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Cranial Nerve : Vagus

Major Function: Motor – Somatic Motor to throat muscles involved in swallowing and speech and Sensory – Taste from posterior tongue. Also, sensory from throat, thoracic and abdominal organs

ANS Innervation: Parasympathetic to thoracic and abdominal organs regulating things such as heart and respiratory rate and gastrointestinal peristalsis etc.

Lesion: Trouble swallowing and hoarse speech uvula deviation away from side of lesion

What Are Cranial Nerves And How Many Are There

Your cranial nerves are pairs of nerves that connect your brain to different parts of your head, neck, and trunk. There are 12 of them, each named for its function or structure.

Their functions are usually categorized as being either sensory or motor. Sensory nerves are involved with your senses, such as smell, hearing, and touch. Motor nerves control the movement and function of muscles or glands.

Keep reading to learn more about each of the 12 cranial nerves and how they function.

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What Are The 12 Cranial Nerves And Their Functions

The 12 cranial nerves and their functions are as follows:

Now that you know a little more about cranial nerves, what they do, and some of the functions they control, you can see how important they are for overall health and well-being. When one of these cranial nerves is damaged or not working properly, it can cause problems with movement, hearing, balance, taste, and other functions. If you experience any problems with any of your cranial nerves, be sure to speak to a doctor. They will be able to help diagnose the problem and provide the necessary treatment.

The Role Of Vagus In The Functions Of The Autonomic Nervous System


Alongside the sympathetic nervous system and the enteric nervous system , the parasympathetic nervous system represents one of the three branches of the autonomic nervous system.

The definition of the sympathetic and parasympathetic nervous systems is primarily anatomical. The vagus nerve is the main contributor of the parasympathetic nervous system. Other three parasympathetic cranial nerves are the nervus oculomotorius, the nervus facialis, and the nervus glossopharyngeus.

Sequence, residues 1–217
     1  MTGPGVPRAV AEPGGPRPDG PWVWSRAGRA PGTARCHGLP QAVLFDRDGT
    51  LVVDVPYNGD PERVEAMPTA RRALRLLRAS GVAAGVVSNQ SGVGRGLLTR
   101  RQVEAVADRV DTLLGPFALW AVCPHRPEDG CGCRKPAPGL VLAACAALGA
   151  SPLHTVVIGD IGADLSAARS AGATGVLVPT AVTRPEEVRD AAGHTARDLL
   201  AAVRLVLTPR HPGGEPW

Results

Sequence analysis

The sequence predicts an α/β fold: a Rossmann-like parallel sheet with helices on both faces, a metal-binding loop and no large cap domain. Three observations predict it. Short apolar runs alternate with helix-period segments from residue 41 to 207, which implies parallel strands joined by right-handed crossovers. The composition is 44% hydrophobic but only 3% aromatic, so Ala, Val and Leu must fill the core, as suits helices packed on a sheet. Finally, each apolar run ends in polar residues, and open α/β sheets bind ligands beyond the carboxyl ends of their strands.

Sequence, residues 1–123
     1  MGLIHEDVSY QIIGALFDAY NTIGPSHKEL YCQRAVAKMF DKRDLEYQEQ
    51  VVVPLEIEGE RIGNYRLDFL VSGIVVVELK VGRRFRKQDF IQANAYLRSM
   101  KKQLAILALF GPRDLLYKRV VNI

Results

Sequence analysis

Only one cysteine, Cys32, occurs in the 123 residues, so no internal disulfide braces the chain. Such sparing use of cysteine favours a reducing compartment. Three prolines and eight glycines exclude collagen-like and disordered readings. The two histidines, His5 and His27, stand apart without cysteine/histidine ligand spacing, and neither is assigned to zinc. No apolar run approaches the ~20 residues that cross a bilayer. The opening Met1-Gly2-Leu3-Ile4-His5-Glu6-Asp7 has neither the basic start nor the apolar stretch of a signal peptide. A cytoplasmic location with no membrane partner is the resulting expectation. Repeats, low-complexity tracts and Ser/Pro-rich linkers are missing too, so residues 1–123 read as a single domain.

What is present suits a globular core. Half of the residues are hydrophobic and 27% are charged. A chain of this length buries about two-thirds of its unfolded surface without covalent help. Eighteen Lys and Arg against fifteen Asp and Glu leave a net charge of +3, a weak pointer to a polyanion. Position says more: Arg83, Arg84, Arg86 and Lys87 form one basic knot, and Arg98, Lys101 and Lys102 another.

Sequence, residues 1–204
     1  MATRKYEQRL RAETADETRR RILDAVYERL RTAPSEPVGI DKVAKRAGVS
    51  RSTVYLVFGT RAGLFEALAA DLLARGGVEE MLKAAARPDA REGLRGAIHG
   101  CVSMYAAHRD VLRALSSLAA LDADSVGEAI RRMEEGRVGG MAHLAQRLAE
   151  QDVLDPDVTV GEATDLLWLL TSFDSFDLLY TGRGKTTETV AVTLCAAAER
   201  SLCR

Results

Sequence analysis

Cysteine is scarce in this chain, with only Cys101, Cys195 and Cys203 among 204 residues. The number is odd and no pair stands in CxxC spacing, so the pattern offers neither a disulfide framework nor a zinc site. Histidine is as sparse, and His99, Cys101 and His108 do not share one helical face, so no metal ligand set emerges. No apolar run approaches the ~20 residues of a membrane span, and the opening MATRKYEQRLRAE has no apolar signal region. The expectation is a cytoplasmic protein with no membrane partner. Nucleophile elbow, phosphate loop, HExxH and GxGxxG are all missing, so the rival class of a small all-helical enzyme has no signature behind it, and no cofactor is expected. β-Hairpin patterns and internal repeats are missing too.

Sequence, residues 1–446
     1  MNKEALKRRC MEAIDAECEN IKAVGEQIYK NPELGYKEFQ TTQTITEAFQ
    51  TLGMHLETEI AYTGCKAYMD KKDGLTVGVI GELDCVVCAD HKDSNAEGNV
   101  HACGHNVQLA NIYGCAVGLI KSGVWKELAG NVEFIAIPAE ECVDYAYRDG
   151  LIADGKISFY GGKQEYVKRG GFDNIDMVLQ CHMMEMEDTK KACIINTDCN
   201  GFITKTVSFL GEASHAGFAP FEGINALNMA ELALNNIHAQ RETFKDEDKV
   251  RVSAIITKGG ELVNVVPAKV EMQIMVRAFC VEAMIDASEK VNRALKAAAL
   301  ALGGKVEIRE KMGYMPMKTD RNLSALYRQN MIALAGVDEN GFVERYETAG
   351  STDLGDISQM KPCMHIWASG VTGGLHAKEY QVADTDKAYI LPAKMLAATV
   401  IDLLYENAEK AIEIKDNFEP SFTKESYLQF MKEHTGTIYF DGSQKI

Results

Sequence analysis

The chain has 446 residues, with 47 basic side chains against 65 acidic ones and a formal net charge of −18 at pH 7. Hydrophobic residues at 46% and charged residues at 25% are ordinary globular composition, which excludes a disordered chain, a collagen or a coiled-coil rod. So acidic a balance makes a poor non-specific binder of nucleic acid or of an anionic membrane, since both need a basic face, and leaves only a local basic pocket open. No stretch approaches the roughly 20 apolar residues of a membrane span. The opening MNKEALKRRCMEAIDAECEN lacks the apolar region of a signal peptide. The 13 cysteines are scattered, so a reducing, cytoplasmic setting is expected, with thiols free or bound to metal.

The most important function of the vagus nerve is afferent, bringing information of the inner organs, such as gut, liver, heart, and lungs to the brain. This suggests that the inner organs are major sources of sensory information to the brain. The gut as the largest surface toward the outer world and might, therefore, be a particularly important sensory organ.

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What Conditions And Disorders Affect Your Cranial Nerves

Some conditions or injuries can damage parts of the brain where cranial nerves are located. In some cases, a condition may damage only one cranial nerve. Trauma or surgery could injure or sever a nerve.

Disorders that affect the cranial nerves include:

  • Amyotrophic lateral sclerosis : A progressive disorder where nerve cells break down and muscles weaken.
  • Bells palsy: Sudden muscle weakness and drooping in one half of your face.
  • Hemifacial spasm: Involuntary contractions on one side of your face.
  • Internuclear ophthalmoplegia: Loss of ability to move your eyes in sync when you look to the side.
  • Oculomotor palsy: Damage to your third cranial nerve that causes one of your eyes to stay positioned as though you are looking down and out to the side.
  • Stroke: Interruption to blood supply in your brain because of a blood clot or ruptured blood vessel.
  • Traumatic brain injury: Disruption or damage to brain function, often because of a sudden and violent blow to the head.
  • Trigeminal neuralgia: Chronic pain in your fifth cranial nerve, which runs through your cheek.